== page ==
One of the biggest mistakes companies often make is chasing after the next, new shiny technology application without first clearly defining the business problem or opportunity they’re looking to address — and without first getting their data in order. Why do companies still struggle with data quality management? How do you get over the change management hurdles? What are some best practices for getting the most value from emerging technologies? Those are some of the key questions I discussed with John Richardson, Vice President of Supply Chain Analytics at Transportation Insight, during a recent episode of Talking Logistics.
Productivity vs. quality in data management
I began our discussion by asking John why, with all of the great new technology out there, data quality continues to be a stumbling block to realizing their real value. John pegs the heart of the problem as where the incentives are for data capture. He notes that, “In general, companies don’t have incentives and measures around data quality. The people responsible for data capture are usually incentivized on productivity rather than quality, and they don’t understand the downstream impacts of poor data quality.
“For example, if the dimensions of a package are entered wrong in the item master, it can impact how space is allocated in the warehouse or how a load is built for transportation. This can cause a lot of problems. People don’t understand the effects it can have.”
Changing the way companies measure and incentivize data quality brings up the age-old issue of change management. I asked John how companies can overcome the “we’ve always done it this way” syndrome. John says, “Too often people think of change as ‘I haven’t done my job right.’ Therefore, change has to be non-threatening and incremental. People fear change because they are afraid of failure. You have to create an environment where it is okay to fail because that is how people learn.
“Sometimes what it takes is to bring in a third party who can ask the ‘stupid questions’ like ‘why are you doing it that way’ to make people rethink their practices. Too often people are not incentivized to challenge the status quo and that’s why it makes it hard for companies to change.”
What data is valuable?
With IoT and other sensors, we’re drowning in data. So, how do you determine which data is important? John comments that it comes down to how you use it. “You want metrics that are actionable, that you can use to drive your business. You also want to make sure you’re measuring the right things and focusing on metrics everybody can get behind. Sometimes metrics and incentives in one part of the business can be at odds with incentives in another part of the business. For example, a plant manager is incentivized on pounds of production, so he’s focused on cranking products out. But the warehouse manager is getting measured on cases of inventory in storage and how much he’s shipping. So you have a conflict there. You have to work those things out so it is equitable for everyone so you’re not working at cross purposes.”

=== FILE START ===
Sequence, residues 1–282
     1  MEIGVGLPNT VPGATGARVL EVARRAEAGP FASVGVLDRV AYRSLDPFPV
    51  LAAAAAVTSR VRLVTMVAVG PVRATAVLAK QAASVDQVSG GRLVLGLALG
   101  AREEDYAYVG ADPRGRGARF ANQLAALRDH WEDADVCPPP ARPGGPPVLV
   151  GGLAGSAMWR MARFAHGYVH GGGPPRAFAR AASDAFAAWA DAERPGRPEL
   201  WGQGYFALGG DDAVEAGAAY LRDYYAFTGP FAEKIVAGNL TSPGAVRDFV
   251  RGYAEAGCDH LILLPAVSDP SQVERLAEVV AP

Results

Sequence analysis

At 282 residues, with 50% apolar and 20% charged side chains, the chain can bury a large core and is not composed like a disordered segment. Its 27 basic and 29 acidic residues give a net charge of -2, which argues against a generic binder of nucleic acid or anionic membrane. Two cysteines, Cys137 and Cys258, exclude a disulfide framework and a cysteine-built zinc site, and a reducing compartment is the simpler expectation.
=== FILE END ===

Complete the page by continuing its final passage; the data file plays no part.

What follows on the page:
Supply chains by their nature are multi-company networks. You have to share data with other parties, but companies are sometimes reluctant to share “too much.” John thinks the current environment is changing that as companies are trying to recover from the COVID-19 pandemic. “There is a feeling that we are all in this together.
“But there are ‘black holes’ of missing data in our supply chains. If you’re going to be a good partner and understand your end-to-end supply chain to do risk assessments, you have to be as transparent as you can. You have to get beyond the idea that the data is ‘secret’ to form good partnerships. This can be especially important for things like tracing the movement of goods from origin to final destination in order to assess risks and respond to disruptions more quickly and effectively.”
Getting ready for AI, Blockchain and other new technologies
So, how do you get your data processes ready for the new technologies? John says, “It starts with creating a culture of data quality management. You have to train people at the lowest levels on the importance of data quality and how the data will be used so they understand the impacts. For these emerging technologies to provide value in the supply chain, you have to get to the point where you no longer question data quality. Too often we see companies cleaning up data throughout their processes. But with these technologies, you’re turning data over to machines to interpret it, so you definitely want to give those machines the best information that you can because you’re losing a little bit of human judgment as you look at the results.”
How should companies leverage data to drive business results? Why did a tire company wrap its tires? Why did Winston Churchill create the Special Operations Executive during WWII? (Yes, it’s related to this topic). I recommend that you watch the full episode for John’s insights and advice on these questions and more. Then keep the conversation going by posting your own thoughts and experiences on this topic.